The Best Amusement Parks on the Coast
Family Kingdom Amusement Park
Myrtle Beach, South Carolina
Retro attractions plus the latest theme park trends makes Family Kingdom Amusement Park, located right on the Atlantic ocean, a scenic and fun-filled adventure. The park is home to the 1963 Swamp Fox wooden roller coaster, the only of its kind in South Carolina, as well as an adjacent beachfront water park. With 37 rides, 500 feet of beach frontage, and 13 total acres, this thrill ride mecca is a Myrtle Beach classic; 843-626-3447
Wildwood, New Jersey
Morey's Piers contains so many rides it takes three piers to hold them all. They vary from mild to wild, and include coasters with multiple inversions that give riders a unique view of the Jersey shoreline. During summer months, the piers are open until midnight; 609-522-3900
Rye, New York
Playland really does take you back to another era—specifically 1928. That's the year the park opened. Amazingly, much of it survives virtually unchanged. The Art Deco architecture, the beach and fishing pier, and the sheltering shade trees make this a special experience. Seven original rides remain from that first season, including the Dragon Coaster (you plunge into a dragon's mouth), as well as a considerably more sedate carousel; 914-813-7010
Santa Cruz Beach Boardwalk
Santa Cruz, California
The park is built along a concrete boardwalk and a wide Monterey Bay beach full of volleyball players, sunbathers, surfers, and other fanciers of sand. There's a good selection of rides, including a 1911 carousel and the 1924 Giant Dipper wooden roller coaster. Teens will delight in approximately a billion video games, plus minigolf and Laser Tag. Just down the beach, the Santa Cruz Wharf, a pier teeming with seafood restaurants, juts a half-mile into the bay; 831-423-5590
Six Flags Discovery Kingdom
Just a few miles off San Pablo Bay, this park offers both aquatic entertainment and white-knuckle excitement. For the family, you can choose from a variety of shows starring tigers, elephants, dolphins, or sea lion.
Santa Monica Pier, California
If you're on the other side of the States, the only place for pier fun is Pacific Park. The roller coaster and Ferris wheel offer spectacular views of Santa Monica Bay, especially at sunset. Smaller than the Southern California mega amusement parks, this vintage park is geared more for families than thrill-seekers; 310-260-8744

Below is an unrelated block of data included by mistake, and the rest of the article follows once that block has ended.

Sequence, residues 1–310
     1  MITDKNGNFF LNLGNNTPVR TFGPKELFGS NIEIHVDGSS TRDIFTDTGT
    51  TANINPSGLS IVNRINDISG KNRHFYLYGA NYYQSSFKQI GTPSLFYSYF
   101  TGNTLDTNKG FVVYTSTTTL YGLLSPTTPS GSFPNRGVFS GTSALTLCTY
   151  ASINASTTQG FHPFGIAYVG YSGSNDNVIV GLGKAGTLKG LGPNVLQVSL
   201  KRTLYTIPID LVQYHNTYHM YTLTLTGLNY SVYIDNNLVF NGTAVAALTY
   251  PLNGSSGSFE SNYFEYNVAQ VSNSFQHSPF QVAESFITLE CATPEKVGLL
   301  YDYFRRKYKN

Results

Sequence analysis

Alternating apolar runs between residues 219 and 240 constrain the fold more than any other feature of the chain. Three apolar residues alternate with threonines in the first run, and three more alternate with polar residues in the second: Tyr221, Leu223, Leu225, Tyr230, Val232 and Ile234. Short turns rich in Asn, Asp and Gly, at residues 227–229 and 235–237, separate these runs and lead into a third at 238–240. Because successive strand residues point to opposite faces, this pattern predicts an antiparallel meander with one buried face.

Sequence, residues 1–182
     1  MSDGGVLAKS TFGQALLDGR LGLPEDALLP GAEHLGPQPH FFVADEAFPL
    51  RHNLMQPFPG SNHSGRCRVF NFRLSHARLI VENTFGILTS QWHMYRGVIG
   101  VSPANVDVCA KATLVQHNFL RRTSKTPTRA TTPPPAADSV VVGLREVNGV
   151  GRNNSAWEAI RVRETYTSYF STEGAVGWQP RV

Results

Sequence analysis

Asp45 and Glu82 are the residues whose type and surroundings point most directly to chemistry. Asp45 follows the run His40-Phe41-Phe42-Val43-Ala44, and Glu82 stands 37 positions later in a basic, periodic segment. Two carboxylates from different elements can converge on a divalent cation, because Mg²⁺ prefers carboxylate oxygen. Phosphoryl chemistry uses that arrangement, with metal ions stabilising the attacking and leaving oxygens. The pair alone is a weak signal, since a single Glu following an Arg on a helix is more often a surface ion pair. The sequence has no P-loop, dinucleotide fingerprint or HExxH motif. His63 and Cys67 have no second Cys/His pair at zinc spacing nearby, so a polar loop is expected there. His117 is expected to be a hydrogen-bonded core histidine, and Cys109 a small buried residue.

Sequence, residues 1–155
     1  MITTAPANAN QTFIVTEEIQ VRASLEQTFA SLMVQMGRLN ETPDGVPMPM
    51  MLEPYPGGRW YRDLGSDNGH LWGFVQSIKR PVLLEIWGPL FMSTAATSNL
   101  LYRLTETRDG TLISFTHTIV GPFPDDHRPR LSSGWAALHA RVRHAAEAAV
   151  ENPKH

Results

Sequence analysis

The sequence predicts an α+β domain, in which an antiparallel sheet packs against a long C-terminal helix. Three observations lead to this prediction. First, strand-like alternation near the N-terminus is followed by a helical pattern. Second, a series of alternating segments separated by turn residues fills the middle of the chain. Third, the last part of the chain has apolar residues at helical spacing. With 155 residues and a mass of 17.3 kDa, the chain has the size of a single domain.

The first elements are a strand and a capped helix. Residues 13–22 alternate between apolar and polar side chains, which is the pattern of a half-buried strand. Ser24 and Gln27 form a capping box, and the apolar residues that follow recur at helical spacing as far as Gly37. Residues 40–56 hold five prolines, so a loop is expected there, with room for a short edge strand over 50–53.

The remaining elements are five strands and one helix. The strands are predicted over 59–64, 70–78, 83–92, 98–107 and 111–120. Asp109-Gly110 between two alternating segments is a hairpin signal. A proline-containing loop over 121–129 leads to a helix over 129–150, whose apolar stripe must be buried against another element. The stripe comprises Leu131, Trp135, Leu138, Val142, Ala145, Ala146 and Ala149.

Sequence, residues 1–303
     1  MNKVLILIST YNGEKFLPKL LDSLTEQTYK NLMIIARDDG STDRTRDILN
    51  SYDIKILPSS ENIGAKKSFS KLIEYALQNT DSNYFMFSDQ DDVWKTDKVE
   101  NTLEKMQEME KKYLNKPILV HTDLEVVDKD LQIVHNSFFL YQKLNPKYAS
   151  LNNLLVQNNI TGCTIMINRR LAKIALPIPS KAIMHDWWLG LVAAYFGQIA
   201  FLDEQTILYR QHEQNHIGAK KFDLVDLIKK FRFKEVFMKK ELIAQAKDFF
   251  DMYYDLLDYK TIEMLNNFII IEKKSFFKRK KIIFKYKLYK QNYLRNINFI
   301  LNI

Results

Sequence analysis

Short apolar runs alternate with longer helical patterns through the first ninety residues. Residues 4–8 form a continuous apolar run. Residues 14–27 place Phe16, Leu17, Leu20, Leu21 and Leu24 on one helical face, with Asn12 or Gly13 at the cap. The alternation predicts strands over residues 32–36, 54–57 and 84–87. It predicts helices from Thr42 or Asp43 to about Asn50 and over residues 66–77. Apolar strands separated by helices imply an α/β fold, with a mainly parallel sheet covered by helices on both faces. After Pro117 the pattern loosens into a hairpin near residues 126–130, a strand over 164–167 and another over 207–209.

Ready for a 75-mph ride? In its 133-year history as a place for fun, Cedar Point has become famous for two things: its scenic location on a Lake Erie peninsula and its roller coasters. The park runs 16 coasters, the largest collection in the world. The newest, Valravn, is also the world's tallest. Riders go up 223 feet and are held over an edge for four seconds before plummeting 214 feet at a 90 degree angle; 419-627-2350
Hampton Beach Casino
Hampton Beach, New Hampshire
Since 1899, the two-story Hampton Beach Casino has been the epicenter of fun, with classic games like skee ball and miniature golf and shopping for old-fashioned sugar mints at Sanborn’s Fine Candies
Rehoboth Beach, Delaware
Since 1962, Funland has been the go-to spot for twinkling carousel rides, bumper cars and rousing renditions of ring toss and beach-ball blast.
New York, New York
While many think of Coney Island as an amusement park unto itself, it's actually an entire destination comprised of amusement areas like Luna Park and Deno's Wonder Wheel along with shops, businesses, and other organizations. But you have not lived until you've eaten a Nathan's Famous hot dog, taken a ride on the Wonder Wheel, and watched this iconic shoreline capital of summer playtime light up in neon as the sun goes down.